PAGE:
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How India soared to their biggest medal haul in Paralympics, Deepa Malik explains

PCI head Deepa Malik believes greater awareness, scientific approach and athlete-centric policies have helped India win 19 medals at Tokyo Paralympics
By Deepti Patwardhan

Krishna Nagar defeated Chu Man Kai of Hong Kong 21-17, 16-21, 21-17 in the final of badminton men’s singles SH6 (standing/short stature) category to help India finish the Tokyo Paralympics on a high. In a coming-of-age Games for India, the country finished with 19 medals (5 gold, 8 silver, 6 bronze) and created five world records.

It has been a massive leap from the previous best Paralympics performance, which had come in Rio in 2016 when India won four medals.

“In 2016, with the help of media and the support of government and policies helped us create an atmosphere which was accepting of para sports. People looked up to para sports as a prestigious platform to come and empower themselves and create the abilities beyond their disabilities,” Paralympics Committee of India (PCI) president Deepa Malik, who had won a silver in Rio, said during a press conference arranged by Eurosport on Sunday.

“When people recognised that this is a platform, they definitely started giving more focus, policies have become more inclusive. We have had direct support from the sports ministry, from SAI (Sports Authority of India). We ourselves (PCI) have regrouped. The latest federation wants an athlete-centric approach.”

Malik believes the increase in awareness has led to new talent emerging.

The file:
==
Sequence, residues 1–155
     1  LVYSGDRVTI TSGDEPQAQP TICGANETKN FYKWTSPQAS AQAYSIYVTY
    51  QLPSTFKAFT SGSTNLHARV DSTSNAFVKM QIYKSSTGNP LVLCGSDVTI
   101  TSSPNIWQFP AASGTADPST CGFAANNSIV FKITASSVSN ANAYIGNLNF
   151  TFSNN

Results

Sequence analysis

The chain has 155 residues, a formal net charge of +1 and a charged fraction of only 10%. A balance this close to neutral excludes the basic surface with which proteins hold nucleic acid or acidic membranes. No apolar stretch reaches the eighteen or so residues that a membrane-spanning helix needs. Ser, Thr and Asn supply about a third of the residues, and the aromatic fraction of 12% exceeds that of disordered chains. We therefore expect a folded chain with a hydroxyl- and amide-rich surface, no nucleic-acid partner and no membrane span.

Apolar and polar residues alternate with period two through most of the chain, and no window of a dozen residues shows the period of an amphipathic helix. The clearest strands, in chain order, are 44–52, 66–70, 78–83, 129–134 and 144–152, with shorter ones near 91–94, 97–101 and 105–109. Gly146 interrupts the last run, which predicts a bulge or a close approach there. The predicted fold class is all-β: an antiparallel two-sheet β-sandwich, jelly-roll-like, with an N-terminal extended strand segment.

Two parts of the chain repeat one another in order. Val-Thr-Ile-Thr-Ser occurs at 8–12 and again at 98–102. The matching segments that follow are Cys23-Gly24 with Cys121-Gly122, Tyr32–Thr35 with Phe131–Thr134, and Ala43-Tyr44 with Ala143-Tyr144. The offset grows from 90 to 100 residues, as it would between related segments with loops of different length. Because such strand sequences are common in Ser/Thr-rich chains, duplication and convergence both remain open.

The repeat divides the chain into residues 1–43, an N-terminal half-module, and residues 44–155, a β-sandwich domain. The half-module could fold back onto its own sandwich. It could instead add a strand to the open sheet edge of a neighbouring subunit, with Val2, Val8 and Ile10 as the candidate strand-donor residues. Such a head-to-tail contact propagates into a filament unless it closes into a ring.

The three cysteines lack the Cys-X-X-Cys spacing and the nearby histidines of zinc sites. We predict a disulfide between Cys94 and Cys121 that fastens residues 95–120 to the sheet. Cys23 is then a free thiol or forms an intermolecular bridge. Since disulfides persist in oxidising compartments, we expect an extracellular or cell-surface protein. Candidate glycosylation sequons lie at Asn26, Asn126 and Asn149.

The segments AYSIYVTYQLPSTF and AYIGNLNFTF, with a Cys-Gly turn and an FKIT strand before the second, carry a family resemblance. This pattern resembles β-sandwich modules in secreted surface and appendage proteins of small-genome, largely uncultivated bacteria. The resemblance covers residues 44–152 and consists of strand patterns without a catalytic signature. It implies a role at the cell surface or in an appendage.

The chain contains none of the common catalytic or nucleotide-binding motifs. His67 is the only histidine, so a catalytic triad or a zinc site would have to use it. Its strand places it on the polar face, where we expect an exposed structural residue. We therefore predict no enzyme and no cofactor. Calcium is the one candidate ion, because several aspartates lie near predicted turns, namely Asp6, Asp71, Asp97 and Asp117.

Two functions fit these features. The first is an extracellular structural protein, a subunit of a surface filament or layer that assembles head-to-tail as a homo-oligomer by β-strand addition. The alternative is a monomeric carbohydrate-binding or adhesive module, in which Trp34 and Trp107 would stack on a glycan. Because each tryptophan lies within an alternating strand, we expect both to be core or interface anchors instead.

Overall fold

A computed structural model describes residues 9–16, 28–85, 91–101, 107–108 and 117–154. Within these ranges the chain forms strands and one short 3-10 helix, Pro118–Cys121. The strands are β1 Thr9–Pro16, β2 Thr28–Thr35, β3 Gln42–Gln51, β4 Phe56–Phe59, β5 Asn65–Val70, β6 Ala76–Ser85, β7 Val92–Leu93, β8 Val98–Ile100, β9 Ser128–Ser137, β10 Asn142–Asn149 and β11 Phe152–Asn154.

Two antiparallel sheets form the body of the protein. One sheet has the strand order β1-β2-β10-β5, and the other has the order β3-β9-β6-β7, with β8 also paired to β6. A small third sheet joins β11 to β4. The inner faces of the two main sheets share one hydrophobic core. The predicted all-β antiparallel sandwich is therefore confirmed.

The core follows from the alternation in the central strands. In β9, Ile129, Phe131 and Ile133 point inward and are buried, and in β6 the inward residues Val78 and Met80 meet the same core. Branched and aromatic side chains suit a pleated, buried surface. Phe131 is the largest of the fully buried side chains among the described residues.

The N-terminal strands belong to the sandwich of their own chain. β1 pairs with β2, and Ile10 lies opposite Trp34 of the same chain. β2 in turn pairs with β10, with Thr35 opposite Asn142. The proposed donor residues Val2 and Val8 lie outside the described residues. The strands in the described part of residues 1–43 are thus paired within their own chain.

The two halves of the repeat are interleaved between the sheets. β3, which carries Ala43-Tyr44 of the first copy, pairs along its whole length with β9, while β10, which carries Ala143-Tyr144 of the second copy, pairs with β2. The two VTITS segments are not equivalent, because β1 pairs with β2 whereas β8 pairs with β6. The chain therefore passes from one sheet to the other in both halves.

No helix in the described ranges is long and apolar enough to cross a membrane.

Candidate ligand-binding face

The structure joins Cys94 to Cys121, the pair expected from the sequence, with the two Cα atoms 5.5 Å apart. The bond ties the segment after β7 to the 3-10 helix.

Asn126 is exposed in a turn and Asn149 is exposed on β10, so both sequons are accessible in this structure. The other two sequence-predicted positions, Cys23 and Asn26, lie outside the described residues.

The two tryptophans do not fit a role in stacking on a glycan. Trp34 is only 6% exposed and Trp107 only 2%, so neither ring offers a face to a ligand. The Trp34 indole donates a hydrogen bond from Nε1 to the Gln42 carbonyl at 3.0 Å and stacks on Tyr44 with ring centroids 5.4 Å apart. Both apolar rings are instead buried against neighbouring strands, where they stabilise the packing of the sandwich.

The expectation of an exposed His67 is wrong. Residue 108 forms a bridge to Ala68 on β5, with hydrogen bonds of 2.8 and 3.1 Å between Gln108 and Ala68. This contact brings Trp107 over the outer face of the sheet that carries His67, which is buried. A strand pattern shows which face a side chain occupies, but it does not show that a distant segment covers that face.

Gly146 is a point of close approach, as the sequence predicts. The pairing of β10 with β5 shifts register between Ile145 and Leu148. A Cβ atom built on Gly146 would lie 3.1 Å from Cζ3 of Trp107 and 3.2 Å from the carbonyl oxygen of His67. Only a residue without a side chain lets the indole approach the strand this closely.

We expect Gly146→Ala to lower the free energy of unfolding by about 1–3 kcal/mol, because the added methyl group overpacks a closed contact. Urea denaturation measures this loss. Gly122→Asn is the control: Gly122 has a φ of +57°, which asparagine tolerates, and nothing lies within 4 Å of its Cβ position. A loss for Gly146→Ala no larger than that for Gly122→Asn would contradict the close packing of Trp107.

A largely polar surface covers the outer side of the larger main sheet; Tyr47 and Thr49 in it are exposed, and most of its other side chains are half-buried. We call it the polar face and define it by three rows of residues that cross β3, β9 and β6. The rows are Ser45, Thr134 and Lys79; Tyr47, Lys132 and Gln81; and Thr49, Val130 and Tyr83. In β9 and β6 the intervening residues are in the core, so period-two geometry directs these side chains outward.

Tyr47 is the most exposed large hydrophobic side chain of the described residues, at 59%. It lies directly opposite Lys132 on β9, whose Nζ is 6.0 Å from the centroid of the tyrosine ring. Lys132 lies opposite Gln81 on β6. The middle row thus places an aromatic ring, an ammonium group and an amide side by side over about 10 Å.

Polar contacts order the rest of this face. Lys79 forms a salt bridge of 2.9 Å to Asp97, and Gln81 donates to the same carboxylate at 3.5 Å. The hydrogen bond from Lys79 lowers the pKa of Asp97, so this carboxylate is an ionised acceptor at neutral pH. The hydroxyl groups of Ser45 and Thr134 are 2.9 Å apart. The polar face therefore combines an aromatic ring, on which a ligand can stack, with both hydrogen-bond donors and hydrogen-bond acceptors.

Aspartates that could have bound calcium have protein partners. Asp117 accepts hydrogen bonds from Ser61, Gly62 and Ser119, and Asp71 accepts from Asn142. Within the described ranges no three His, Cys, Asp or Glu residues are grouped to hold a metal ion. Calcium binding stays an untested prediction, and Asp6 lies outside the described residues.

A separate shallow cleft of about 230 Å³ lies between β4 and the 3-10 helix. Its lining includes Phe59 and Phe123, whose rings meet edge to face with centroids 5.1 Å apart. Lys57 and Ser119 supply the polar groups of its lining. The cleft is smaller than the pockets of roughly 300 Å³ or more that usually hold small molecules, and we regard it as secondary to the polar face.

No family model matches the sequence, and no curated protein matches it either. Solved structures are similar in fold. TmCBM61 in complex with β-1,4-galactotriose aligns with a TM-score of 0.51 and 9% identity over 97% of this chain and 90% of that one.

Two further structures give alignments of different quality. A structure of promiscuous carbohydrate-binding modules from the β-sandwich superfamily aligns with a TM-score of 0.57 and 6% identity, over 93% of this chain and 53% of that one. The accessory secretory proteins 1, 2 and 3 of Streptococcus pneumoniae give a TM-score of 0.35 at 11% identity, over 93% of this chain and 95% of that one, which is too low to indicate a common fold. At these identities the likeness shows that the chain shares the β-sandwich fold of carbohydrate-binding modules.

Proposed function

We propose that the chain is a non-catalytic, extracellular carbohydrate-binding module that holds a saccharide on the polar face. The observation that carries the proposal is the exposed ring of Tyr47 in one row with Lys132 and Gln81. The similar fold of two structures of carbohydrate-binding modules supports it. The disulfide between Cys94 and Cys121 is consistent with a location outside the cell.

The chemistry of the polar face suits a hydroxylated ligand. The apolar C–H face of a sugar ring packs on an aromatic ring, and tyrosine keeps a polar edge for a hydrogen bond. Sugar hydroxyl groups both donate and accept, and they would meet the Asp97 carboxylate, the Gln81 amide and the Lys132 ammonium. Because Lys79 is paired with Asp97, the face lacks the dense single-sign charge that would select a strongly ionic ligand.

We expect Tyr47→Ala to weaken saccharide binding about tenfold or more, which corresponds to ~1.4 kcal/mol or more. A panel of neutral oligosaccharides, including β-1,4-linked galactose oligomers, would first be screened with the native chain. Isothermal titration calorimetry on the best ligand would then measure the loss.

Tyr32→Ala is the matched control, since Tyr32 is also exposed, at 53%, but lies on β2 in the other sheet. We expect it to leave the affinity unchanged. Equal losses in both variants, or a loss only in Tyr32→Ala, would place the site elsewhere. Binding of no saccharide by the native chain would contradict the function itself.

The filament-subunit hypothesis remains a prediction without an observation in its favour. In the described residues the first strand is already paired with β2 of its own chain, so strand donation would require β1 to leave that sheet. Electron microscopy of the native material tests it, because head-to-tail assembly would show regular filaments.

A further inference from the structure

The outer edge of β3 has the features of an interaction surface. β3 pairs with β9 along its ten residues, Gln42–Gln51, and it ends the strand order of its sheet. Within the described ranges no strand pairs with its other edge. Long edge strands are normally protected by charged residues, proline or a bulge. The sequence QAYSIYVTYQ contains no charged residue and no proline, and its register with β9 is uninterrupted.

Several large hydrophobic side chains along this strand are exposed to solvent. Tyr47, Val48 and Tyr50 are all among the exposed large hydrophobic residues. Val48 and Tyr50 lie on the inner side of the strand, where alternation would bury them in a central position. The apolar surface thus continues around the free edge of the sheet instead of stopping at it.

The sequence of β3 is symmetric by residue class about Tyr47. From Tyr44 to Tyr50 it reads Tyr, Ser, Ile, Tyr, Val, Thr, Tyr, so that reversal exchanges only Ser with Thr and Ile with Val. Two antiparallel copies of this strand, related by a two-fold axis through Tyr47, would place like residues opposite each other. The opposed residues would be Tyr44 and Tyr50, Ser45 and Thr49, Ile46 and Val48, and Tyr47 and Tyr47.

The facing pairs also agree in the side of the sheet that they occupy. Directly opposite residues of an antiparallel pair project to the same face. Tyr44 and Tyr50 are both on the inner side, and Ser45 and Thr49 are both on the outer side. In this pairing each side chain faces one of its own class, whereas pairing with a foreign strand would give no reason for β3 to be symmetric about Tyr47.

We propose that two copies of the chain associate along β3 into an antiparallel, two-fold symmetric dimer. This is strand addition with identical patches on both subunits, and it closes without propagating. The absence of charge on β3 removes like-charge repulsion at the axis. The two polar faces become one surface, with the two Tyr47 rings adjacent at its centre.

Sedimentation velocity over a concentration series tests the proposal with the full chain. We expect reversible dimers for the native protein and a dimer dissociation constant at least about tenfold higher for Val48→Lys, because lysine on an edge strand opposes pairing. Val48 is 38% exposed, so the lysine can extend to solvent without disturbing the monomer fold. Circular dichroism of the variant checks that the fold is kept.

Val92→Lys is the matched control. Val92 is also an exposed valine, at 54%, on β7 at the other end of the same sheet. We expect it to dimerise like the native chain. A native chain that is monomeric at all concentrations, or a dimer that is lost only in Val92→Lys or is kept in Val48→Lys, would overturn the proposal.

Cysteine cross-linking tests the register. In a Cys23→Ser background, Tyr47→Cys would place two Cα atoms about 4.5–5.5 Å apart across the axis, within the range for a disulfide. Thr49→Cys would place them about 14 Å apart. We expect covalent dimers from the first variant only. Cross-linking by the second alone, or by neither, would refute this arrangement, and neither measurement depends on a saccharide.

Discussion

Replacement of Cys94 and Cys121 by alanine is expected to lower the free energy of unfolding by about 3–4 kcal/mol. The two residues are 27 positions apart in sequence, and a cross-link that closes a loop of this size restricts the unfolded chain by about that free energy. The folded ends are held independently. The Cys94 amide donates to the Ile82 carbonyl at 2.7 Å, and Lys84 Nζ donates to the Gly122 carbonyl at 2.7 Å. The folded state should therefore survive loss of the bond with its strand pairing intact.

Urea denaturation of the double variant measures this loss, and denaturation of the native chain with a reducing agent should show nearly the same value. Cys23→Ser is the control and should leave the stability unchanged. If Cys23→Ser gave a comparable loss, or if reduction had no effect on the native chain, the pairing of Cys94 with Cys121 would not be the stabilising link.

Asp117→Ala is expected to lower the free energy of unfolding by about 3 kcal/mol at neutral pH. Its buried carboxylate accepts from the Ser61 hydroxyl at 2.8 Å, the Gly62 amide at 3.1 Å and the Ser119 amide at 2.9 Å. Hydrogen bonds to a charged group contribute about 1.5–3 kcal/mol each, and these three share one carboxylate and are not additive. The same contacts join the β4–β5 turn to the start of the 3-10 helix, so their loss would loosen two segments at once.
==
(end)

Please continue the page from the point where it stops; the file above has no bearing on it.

One of the biggest factors for the turnaround in India, according to Malik, is coaches being more receptive to new ideas and technologies. While earlier coaches were “more possessive” of athletes and believed they alone knew what was in their best interest, they are now seeking help from experts.

“Rarlier, whether it was physiotherapy, or nutrition, they seemed to claim to know (about) everything. They are now asking for physios, for injury management, for performance tests,” she added.

“They want to take an opinion of fitness and conditioning coach. If their athlete is not feeling well they want a mental coach for them. This whole acceptance as para sports as a mainstream sport, where the athlete is being put at par with able-bodied athletes has also made a huge difference.”

In the last three days, India’s medal tally at the Paralympics grew because of some show-stopping performances by the badminton players. Badminton was introduced to the Paralympics programme this time and India proved to be ahead of the curve as they grabbed four medals, including two gold, in the sport.

At the forefront of the para badminton revolution in the country is the national head coach Gaurav Khanna. He is in charge of the para badminton academy in Lucknow, where all the players for Paralympics trained.

“Now we have dedicated professional academy where we have all facilities, sports science equipment. It's small but we have dedicated courts,” Khanna said on Sunday.

“Till now, we had to book time slots and we could only play then. Now that we have a facility, we can decide on how and when to schedule the practice sessions. Moreover, when you play at this level, recovery is very important. Now we have a gym, steam bath, ice bath, Jacuzzi, hydrotherapy, whatever a professional athlete needs, we have it.”

Even during the pandemic most of the players chose to stay at the academy and train, despite not being allowed in any of the indoor facilities. They trained outdoors, on makeshift courts in the garden.

If India claimed with their best-ever medal haul at the Paralympics in Tokyo, its mainly because they went in better prepared than ever before.